Tuesday, July 3, 2012

A Shadow of a Distant Life

This is the story that won me a public reading at a local library back in 2009.

It was three in the morning when the ghost  returned to visit Steven.

At first, shortly after moving into the house, there had had been  only the sound of heavy, careful footsteps in the night. Alarmed, Steven would leave the imagined safety of his bed and venture down the hall, terrified of finding an intruder. But it was always the same; the kids asleep and unaware, the doors bolted, the windows locked.

In the morning he and his wife found it amusing, a curiosity to liven up the anecdotes they told about their new home. Neither, of course, believed in ghosts.

That was how it started.

What followed was a lull, two weeks of undisturbed and blissful sleep. Then, an escalation: the footsteps again, this time breaching Steven's room and stopping just beside his bed.  After that the mornings brought no peace. The restless nights made tempers flare, and he grew angry each time his wife blamed it all on the shifting frame of a century old house.

Steven, for his part, was no longer sure what he believed.

Soon his wife let the news 'slip' to his mother. "I don't understand why you're worried," his Mom said, scolding him. "Our family has owned that house since it was built. The only people to pass away there are your great-grandparents, and even if they could come back, you know they would never hurt you."

They were words meant to comfort, but did the opposite. He felt no kinship with a couple dead and gone twenty years before his birth. Nor could he fathom caring about his own descendants, at least those he wouldn't live to see. If there were angry spirits in the house, why would they be obliged to tolerate him? For the sake of a relationship four generations removed?

That was the night the figure appeared. There were footsteps of course, loud enough to wake him but no one else (although, to be fair, he never really slept well at night anymore, surviving on catnaps scattered throughout the day). They came forward slowly but confidently, as if the spirit no longer cared to mask its presence, and again, they paused by the bed. Ignoring his fear Steven opened his eyes.

Before him stood a shadow, a man-but-not-a-man. While there was no physical form, the shifting darkness  worked to craft an illusion of strength and bulk. Remarkably, through the pressing, physical weight of his fear Steven felt himself begin to climb out of bed.

Not yet, a voice said, and he had no doubt it echoed only in his mind. Not yet.

That was the beginning of the end.

In the weeks to come Steven would stop trying to sleep at night altogether. His work began to suffer; his children, sensing something wrong, grew distant, and his wife, concerned, begged him to seek help. When he refused her pleas he found himself banished to the living room couch. For Steven it was a hidden blessing. His few nights on the couch gave him his first true rest in months.

                                                              A Shadow of a Distant Life  pg 2

On the night the shadow returned it there was no sound, only an icy shiver that wrenched Steven awake with a stunning abruptness. The figure stood at the head of the couch, leaning over and staring - if it had eyes at all - directly into Steven's face.

Now, it said.

The figure walked away, heading for the kitchen. Steven's mind and body screamed caution, and he resolved to stay where he lay. To his surprise  he found himself following the shadow.  They entered the room together, and in time it took Steven to blink his eyes the figure disappeared.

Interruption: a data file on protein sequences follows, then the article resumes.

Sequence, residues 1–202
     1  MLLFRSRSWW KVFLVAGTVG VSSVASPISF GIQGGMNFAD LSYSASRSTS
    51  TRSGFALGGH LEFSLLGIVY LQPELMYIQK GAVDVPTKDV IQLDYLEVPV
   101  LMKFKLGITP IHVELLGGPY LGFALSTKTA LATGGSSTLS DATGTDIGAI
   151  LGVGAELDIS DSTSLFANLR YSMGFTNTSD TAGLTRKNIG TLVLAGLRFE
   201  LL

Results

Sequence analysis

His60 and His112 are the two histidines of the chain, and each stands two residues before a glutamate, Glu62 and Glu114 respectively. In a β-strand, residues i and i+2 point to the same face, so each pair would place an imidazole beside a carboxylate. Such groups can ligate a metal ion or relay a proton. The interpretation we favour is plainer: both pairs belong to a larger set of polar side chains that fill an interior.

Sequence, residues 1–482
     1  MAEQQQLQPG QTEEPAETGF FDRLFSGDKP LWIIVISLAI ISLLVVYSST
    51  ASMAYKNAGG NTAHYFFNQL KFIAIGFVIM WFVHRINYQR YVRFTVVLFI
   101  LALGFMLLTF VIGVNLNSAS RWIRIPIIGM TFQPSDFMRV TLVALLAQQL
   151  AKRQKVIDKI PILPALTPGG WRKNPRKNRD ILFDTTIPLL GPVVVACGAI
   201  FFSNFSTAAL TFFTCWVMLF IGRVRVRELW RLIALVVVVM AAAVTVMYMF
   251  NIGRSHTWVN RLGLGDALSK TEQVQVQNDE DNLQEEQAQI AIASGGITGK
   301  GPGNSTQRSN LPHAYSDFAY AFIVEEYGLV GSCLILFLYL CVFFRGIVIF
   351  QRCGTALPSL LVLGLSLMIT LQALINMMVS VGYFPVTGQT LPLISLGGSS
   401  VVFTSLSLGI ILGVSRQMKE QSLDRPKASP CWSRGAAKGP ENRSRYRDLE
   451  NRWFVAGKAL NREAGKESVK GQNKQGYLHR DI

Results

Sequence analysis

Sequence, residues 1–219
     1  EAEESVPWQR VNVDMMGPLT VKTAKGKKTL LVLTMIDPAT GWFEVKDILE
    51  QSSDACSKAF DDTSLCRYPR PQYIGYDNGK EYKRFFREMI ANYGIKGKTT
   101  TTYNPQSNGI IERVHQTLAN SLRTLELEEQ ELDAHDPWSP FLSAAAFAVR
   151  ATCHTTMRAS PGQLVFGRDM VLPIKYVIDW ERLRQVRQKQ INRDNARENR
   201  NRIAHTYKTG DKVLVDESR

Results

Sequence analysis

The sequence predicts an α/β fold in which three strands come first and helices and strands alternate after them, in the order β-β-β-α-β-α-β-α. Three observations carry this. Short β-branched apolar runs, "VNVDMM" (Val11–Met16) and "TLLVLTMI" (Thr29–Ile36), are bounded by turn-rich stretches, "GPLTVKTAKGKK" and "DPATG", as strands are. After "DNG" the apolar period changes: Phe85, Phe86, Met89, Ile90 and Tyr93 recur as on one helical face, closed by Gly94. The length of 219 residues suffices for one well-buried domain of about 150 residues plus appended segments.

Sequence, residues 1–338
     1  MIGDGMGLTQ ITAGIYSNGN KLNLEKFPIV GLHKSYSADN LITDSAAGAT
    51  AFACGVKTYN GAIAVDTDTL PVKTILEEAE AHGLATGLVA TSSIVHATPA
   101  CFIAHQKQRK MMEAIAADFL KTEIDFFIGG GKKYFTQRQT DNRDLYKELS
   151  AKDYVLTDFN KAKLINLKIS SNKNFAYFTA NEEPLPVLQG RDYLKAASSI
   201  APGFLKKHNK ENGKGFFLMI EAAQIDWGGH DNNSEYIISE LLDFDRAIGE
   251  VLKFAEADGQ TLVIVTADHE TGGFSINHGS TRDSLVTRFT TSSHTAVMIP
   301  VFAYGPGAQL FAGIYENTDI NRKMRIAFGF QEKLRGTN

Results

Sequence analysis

Once again Steven's head screamed retreat, but instead he searched frantically around the room, as if instead of vanishing he'd simply lost sight of the figure in a crowd. After a moment he heard the familiar footsteps coming from the basement stairs that lay off the pantry.  He followed the sound without thinking, and without bothering with the stairway light.  His eyes had grown accustomed to picking out human forms in the dark of night, and they came quickly to rest on a figure below.

At that same moment he noticed the broken basement window, the strangely unfamiliar shape of the shadow, and the glint of a knife in its hand as it rushed up the stairs. Before these thoughts could raise an alarm the intruder slammed into Steven, slashing at him in a frenzy. The first blow missed and struck the wall, but the intruder never hesitated.  A second later the man was on him again, pushing him down against the stairs before raising the knife for a final blow.

Steven's eyes went from the knife, to the eyes of his assailant - and then to the familiar figure emerging from the dark behind him.

Pitch dark arms ignored the blade and encircled his neck, leveraging him up and off of Steven. It was then, only for a moment, that Steven saw the face of the shadow. It was no face as we know it, simply the impression of one, but in its imagined features was not one face but many; his great-grandfather and his father before him, his sons and his future grandchildren.

Even in the surreal chaos of that moment he knew that  in the end the fight would be his own. Now the shadow said, and Steven struck, knocking the intruder unconscious and sending him tumbling down the stairs.

He would see the shadow only once more in his lifetime. Many years later, babysitting his grandchild, Steven stirred and wandered into the baby's room, sitting in the  rocker alongside the crib. From the corner of the eye he noticed a shadow distinct from the darkness, but did not turn to meet it.

Together, the pair was content to admire the future in silence as it slept peacefully in the crib.

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